Lawmakers Reach Border Deal 'In Principle,' Includes 55 Miles of Physical Barriers


Congressional negotiators reached an “agreement in principle” on Monday night, addressing President Donald Trump’s request for border wall funding, which lawmakers anticipate would avert another partial government shutdown.

Trump said Tuesday that he is “not happy” with the deal, but does not anticipate a shutdown.

Last month, the president signed legislation to reopen the government until Feb. 15, while a bi-partisan group of legislators from the House and the Senate tried to hammer out an agreement on border barrier funding.

“We reached an agreement in principle between us on all the homeland security and the other six bills,” Senate Appropriations Committee Chairman Richard Shelby of Alabama a lead Republican negotiator said on Monday, Politico reported. “The White House has been consulted all along.”

The tentative deal includes $1.375 billion to construct an additional 55 miles for physical barriers, in the form of “steel slats,” which Trump has requested.

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The Democrats also agreed to drop their demand to put a cap on the number of detention beds available to Immigration and Customs Enforcement to 16,500.

According to The Hill, the deal includes 40,250 ICE detention beds, but also provides enough flexibility in the funding to allow the Trump administration to reach the 52,000 beds it has requested.

Bloomberg reporter Steven Dennis described that concession by the Democrats as a “big win for Trump.”

He explained the agreement gives the presidents the authority to transfer $750 million to hold up to as many as 58,500 beds.

Do you think the agreement reached is acceptable?

Trump told attendees at a rally in El Paso, Texas, on Monday night that he could not accept the Democrats’ position to greatly curtail the number of ICE detention beds, because it would mean releasing violent criminals into the general population.

On Tuesday, Trump told reporters he is “not happy” with the tentative congressional deal concerning the border.

Asked if he would sign it, he replied, “I have to study. I’m not happy about it. It’s not doing the trick.”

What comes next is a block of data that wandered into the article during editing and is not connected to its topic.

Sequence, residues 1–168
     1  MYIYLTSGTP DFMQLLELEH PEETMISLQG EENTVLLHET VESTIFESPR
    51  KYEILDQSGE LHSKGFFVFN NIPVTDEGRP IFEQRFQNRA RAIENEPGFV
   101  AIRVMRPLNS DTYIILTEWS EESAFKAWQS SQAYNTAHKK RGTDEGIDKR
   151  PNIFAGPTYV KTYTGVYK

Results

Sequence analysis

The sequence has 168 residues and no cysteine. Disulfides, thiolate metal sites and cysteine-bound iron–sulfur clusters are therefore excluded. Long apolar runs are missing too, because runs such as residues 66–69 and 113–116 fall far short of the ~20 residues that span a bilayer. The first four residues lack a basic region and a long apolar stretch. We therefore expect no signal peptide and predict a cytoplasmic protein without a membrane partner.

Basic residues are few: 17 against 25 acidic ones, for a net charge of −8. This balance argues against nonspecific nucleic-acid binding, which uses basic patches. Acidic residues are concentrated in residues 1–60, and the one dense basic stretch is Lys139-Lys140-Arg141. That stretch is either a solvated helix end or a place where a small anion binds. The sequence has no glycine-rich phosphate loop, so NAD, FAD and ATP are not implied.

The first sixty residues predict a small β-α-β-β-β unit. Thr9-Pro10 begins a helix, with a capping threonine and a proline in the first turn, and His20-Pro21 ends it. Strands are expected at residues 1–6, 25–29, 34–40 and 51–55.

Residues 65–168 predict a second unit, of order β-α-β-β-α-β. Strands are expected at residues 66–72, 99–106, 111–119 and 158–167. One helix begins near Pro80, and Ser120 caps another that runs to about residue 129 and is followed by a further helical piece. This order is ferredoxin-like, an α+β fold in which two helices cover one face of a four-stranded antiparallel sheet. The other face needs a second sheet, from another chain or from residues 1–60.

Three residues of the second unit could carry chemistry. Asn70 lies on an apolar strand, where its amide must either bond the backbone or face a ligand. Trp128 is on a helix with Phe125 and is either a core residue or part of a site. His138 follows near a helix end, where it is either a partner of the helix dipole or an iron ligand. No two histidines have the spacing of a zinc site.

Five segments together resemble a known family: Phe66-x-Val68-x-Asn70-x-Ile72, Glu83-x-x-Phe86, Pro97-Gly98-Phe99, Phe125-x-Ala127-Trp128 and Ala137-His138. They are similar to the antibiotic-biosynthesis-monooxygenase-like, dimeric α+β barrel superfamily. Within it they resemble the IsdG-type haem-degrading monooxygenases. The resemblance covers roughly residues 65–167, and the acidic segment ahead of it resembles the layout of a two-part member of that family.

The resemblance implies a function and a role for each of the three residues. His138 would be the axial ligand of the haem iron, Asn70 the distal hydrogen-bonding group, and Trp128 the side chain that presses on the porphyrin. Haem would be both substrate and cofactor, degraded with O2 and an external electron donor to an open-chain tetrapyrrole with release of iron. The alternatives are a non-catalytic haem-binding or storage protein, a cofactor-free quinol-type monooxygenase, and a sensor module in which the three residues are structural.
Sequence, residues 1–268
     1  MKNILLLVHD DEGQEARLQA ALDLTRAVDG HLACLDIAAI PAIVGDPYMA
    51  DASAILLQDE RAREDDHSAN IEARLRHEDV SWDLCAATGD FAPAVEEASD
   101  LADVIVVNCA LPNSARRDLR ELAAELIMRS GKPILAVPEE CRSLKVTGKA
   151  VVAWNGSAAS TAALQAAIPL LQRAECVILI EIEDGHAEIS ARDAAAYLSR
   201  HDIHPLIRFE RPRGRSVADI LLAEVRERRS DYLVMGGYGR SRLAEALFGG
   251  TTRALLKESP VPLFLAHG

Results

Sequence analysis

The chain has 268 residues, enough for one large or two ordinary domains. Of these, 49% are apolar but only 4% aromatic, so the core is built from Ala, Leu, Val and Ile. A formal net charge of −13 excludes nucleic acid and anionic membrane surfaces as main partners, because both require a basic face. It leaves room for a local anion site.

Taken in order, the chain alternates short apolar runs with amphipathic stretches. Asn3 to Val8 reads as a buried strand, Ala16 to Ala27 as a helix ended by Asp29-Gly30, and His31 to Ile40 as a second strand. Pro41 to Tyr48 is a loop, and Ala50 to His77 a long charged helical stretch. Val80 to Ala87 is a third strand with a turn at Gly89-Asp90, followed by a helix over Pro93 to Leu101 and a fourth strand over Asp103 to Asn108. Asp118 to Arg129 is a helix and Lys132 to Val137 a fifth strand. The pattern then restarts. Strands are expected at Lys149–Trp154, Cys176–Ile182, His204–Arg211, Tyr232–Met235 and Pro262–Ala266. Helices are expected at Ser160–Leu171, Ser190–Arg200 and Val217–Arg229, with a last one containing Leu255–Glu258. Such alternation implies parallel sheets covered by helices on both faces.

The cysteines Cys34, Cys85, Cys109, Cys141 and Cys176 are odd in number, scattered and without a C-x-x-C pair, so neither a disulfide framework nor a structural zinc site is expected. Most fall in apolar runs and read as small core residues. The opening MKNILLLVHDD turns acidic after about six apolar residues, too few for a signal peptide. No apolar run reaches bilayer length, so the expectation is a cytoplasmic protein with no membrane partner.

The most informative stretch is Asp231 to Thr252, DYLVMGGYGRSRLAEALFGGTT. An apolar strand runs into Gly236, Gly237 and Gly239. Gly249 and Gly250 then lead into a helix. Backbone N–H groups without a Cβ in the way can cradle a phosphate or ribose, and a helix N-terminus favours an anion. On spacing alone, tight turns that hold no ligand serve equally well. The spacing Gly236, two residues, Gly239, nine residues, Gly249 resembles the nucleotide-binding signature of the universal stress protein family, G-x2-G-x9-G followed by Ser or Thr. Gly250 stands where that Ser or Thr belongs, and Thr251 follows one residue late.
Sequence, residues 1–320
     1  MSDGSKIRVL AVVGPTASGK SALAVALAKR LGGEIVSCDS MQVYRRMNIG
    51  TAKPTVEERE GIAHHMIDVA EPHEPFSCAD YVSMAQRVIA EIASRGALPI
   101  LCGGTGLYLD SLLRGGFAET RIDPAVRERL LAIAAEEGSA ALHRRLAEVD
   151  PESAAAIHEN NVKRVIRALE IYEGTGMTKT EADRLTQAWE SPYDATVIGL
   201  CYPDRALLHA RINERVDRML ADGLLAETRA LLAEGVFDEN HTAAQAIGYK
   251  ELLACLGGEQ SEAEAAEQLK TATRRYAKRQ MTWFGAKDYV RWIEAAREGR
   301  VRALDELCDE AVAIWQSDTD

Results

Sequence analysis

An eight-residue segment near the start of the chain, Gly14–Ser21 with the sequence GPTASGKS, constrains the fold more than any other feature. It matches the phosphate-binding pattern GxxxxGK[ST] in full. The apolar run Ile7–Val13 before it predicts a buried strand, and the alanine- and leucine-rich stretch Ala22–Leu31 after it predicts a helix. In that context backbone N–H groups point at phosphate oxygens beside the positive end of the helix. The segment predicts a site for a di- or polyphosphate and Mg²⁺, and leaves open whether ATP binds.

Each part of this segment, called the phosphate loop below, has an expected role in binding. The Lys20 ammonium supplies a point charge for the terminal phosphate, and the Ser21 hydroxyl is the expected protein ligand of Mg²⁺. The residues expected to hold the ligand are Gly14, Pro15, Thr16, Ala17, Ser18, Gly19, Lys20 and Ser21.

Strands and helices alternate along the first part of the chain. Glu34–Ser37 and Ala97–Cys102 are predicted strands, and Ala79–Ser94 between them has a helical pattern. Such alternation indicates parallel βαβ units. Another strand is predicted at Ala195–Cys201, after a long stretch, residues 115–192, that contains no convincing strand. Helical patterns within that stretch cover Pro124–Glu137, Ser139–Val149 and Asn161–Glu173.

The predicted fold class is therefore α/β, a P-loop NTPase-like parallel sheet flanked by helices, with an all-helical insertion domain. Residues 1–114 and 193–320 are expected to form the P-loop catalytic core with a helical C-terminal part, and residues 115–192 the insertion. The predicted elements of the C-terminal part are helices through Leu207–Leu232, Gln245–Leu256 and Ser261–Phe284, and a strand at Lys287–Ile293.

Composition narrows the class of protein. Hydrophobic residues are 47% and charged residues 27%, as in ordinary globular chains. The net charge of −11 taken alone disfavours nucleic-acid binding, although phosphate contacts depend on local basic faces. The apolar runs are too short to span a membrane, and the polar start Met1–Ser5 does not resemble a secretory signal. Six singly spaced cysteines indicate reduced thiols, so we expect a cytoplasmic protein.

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The president reiterated, “We’re going to build a big, beautiful wall. It’s not going to let criminals, and traffickers and drug dealers, and drugs into our country.”

“Am I happy at first glance?” Trump said. “The answer is no. I’m not happy. But am I happy with where we’re going? I’m thrilled. … The bottom line is we’re building a lot of wall. Right now, we’re building a lot of wall.”

Trump told reporters that he does not anticipate another government shutdown, “but if you did have it, it’s the Democrats’ fault.”

“I accepted the first one, and I’m proud of what we accomplished,” he continued, “because people learned during that shutdown all about the problems coming in from the southern border.”

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Randy DeSoto has written more than 3,000 articles for The Western Journal since he joined the company in 2015. He is a graduate of West Point and Regent University School of Law. He is the author of the book "We Hold These Truths" and screenwriter of the political documentary "I Want Your Money."
Randy DeSoto is the senior staff writer for The Western Journal. He wrote and was the assistant producer of the documentary film "I Want Your Money" about the perils of Big Government, comparing the presidencies of Ronald Reagan and Barack Obama. Randy is the author of the book "We Hold These Truths," which addresses how leaders have appealed to beliefs found in the Declaration of Independence at defining moments in our nation's history. He has been published in several political sites and newspapers.

Randy graduated from the United States Military Academy at West Point with a BS in political science and Regent University School of Law with a juris doctorate.
Harrisburg, Pennsylvania
Graduated dean's list from West Point
United States Military Academy at West Point, Regent University School of Law
Books Written
We Hold These Truths
Professional Memberships
Virginia and Pennsylvania state bars
Phoenix, Arizona
Languages Spoken
Topics of Expertise
Politics, Entertainment, Faith